Anthony Bourdain just doesn’t know how to keep a secret. In September of 2012, the celebrity chef and host of The Travel Channel’s No Reservations tweeted about his “thrilling meal” at the secret restaurant, Totoraku. By then, however, the exclusive restaurant, hidden behind a sign for a previous eatery closed long ago, had already gained quite a following. But not for the owners' lack of trying. Knocking on the locked door only grants entry if you've snagged a reservation, which is a feat in itself—the restaurant's brown awning displays the wrong phone number. If you do get inside for a meal, expect a parade of dishes that form what LA Magazine dubbed “one of the most interesting meals in the world.” A multitude of courses comprise the feast, which revolves mostly around an assortment of meats—beef rib eye, Korean-style steak tartare, beef tongue—that arrive at the table raw. Following the presentation of meats, a grill burning with binchotan, Japanese charcoal made of oak, arrives to cook each morsel.
From the bustling streets of Times Square to the equally vivacious streets of Hong Kong, people walk around with smiles after enjoying the japanese barbecue cuisine at Gyu-Kaku. The restaurant has more than 700 locations worldwide, each rooted in the belief that some of the strongest bonds between friends are forged at the dinner table. Groups dine on a huge variety of Japanese dishes, from popular meat and veggie dishes such as Harami Skirt Steak, Kalbi Short Rib, and Mushroom Medley - to unique Japanese-American appetizers such as the Spicy Tuna Volcano, Pork Gyoza Dumplings, and Chicken Karaage. The real excitement takes place around individual grills, however, where diners can barbecue their own slabs of filet mignon, grilled ahi tuna, or chicken with basil sauce until they are ideally tender or encircled by on-duty firemen.
Inside Edge Salon, aestheticians at Farah Kay works toward beauty goals with a wide range of elixirs, equipment, and an array of facials. The Stay Young noninvasive face-lift system, for example, encourages collagen production by targeting cells with a nanocurrent that matches the cell's natural electrical charge. When techs aren't pampering visages, they prune unwanted hairs with waxing, sugaring, and threading and tint lashes and brows.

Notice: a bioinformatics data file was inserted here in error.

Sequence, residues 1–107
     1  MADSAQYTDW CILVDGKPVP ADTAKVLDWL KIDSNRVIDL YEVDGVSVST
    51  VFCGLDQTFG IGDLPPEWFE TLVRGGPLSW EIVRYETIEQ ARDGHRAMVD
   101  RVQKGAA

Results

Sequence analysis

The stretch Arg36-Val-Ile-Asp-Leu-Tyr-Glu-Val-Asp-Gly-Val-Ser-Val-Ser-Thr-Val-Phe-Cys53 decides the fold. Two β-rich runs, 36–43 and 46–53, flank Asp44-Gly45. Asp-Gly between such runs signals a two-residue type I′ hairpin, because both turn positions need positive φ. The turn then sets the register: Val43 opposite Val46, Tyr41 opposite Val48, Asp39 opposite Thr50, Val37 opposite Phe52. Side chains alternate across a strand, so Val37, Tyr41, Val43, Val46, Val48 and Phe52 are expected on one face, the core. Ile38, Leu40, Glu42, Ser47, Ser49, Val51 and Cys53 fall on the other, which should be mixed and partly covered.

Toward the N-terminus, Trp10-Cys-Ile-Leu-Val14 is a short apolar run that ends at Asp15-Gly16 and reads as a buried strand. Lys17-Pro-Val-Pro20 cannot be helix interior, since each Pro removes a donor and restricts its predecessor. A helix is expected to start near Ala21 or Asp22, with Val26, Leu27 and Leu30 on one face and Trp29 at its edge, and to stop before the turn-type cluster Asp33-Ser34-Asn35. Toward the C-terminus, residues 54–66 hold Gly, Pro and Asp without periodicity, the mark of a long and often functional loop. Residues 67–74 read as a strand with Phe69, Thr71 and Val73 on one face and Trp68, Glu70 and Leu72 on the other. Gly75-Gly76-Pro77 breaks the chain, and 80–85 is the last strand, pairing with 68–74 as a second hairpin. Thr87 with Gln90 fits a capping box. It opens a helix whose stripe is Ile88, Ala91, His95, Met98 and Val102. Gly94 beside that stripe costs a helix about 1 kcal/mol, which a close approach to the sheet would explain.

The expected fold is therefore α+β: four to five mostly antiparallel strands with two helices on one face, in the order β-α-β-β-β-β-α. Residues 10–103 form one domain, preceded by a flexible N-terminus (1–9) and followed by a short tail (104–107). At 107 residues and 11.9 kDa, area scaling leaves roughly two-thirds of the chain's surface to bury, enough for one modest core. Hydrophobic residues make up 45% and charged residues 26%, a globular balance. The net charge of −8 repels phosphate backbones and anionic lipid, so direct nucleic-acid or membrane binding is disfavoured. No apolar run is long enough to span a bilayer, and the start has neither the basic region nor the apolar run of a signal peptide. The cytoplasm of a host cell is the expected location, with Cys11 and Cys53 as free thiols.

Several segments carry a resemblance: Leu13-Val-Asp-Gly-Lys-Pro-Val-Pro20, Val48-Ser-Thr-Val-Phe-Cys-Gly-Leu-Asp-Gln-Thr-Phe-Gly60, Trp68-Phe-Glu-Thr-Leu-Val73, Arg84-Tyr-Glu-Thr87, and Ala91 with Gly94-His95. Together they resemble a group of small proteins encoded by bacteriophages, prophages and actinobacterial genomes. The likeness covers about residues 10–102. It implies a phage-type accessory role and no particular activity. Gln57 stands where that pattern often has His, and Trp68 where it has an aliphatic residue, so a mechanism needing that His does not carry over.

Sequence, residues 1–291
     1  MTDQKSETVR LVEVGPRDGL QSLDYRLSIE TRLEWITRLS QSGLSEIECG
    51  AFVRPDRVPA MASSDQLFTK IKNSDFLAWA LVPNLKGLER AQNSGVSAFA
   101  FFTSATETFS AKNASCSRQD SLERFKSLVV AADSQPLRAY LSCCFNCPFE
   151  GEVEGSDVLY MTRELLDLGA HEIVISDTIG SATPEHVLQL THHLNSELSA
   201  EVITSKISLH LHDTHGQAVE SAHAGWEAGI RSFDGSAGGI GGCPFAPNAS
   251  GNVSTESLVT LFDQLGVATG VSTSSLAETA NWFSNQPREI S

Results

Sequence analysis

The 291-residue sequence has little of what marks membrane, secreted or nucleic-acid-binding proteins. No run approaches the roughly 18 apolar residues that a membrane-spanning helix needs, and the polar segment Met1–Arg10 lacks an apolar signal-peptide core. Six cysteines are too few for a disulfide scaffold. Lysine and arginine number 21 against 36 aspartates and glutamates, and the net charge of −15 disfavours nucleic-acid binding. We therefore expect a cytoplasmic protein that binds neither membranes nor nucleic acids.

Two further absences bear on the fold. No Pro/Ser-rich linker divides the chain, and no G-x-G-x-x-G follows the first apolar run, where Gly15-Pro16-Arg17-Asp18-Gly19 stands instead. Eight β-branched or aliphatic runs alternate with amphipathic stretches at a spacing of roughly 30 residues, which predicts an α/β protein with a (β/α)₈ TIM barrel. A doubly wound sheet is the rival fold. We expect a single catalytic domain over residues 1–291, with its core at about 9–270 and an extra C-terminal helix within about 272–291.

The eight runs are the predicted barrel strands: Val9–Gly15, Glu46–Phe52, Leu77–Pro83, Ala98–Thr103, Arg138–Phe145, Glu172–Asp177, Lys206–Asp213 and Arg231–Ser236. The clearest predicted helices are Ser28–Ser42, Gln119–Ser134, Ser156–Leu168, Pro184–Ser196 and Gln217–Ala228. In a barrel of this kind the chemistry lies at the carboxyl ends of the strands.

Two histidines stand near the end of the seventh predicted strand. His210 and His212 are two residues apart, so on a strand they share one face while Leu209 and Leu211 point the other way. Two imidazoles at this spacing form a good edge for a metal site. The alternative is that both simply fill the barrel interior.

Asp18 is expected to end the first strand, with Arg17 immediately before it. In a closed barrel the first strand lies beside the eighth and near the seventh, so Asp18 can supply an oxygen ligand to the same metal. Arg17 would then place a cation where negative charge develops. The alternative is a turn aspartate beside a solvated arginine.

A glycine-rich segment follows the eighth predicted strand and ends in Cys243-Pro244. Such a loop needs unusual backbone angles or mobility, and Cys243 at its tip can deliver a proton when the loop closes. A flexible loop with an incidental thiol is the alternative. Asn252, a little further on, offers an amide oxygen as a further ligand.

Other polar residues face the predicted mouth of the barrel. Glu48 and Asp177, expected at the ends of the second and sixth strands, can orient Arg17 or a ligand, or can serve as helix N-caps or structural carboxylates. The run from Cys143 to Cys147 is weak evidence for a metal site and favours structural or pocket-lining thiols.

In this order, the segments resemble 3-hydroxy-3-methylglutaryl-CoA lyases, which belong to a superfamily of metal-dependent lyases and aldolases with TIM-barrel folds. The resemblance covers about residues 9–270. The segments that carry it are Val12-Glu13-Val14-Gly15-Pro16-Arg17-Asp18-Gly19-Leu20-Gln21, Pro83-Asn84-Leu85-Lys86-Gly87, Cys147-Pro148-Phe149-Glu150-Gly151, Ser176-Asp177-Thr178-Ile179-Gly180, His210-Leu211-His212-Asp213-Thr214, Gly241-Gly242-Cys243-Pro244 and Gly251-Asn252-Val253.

Located on the corner of National Boulevard and Rose Avenue in Palms, Simpang Asia serves up street-style Indonesian cuisine, made from scratch with fresh ingredients. In contrast to its strip mall exterior, the inside is sleek with warm colors and modern décor. No visit is complete without sampling a traditional Nasi (rice) dish, one of the most popular items being the Bungkus (wrap), a medley of chicken curry, beef rendang, chili relish egg, coconut braised potato and light vegetable curry, all wrapped up in a banana leaf. Vegetarians can enjoy the Sayur (vegetable) version of the Bungkus, which substitutes tofu curry and garlic braised tempeh for the meat. A wide selection of Indonesian ice drinks, smoothies and boba help cool the palate and complement the spicy dishes. Simpang Asia also owns and operates the market next door, so make sure to check out the revamped store for take-home treats.
Ricardo's El Ranchito welcomes its guests into a festive atmosphere full of frosty margaritas and colorful Mexican cuisine. To set the tone, murals detailing Mexican history and paintings of lush tropical plants cover the walls, forming a thematic backdrop during mealtimes. South-of-the-border specialties include red snapper, burritos the size of small pillows, and piping hot pozole soup. In the kitchen, chefs also forge toasty corn tortillas by hand, marinate pork carnitas in lemon, and whip up savory grilled beef fajitas.
Niki Nakayama was born and bred in LA, but the three years she spent in Japan are what defined her as a chef. That period of traveling and tasting included a stint at a Japanese inn owned by her relatives, where Niki learned the art of kaseiki. A Japanese tradition, kaseiki involves riding the changing waves of Mother Nature’s bounty by using whatever ingredients are in season and preparing them in their most natural states. With her newfound knowledge, Niki returned to her hometown and opened n/naka. In service of kaseiki principles, most of the seasonal produce Niki uses comes straight from the restaurant’s own organic garden. She sculpts the colorful veggies into masterpieces that look as good as they taste—three slices of live scallop overlap intricately in their own lily-white shell, salmon-pink Tasmanian sea trout bears a moss-like crust of kombu and chives, and assorted sashimi sprout garden-like with sprigs of lettuce and slices of lemon. Her customers always have a chance to sample the menu’s full range—Niki serves seafood-centric dishes across 9, 10, or 13 courses rather than offering them a la carte. Matched with the proper wine or sake, the multicourse meals form a symphony of delicate flavors.